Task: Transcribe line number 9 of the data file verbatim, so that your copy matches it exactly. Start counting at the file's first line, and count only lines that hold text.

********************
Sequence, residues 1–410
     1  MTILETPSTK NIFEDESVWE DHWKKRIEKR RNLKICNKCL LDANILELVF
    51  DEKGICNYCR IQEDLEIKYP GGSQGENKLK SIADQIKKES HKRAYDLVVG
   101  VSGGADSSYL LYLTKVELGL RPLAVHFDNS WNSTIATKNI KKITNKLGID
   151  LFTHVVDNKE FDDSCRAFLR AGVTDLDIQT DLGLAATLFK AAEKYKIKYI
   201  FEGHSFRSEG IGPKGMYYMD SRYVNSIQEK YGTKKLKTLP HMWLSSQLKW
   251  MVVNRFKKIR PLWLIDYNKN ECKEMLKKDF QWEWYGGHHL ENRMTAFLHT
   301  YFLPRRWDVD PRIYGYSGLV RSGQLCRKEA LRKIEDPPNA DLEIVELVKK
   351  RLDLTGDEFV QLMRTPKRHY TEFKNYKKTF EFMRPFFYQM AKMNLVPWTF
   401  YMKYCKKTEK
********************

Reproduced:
   351  RLDLTGDEFV QLMRTPKRHY TEFKNYKKTF EFMRPFFYQM AKMNLVPWTF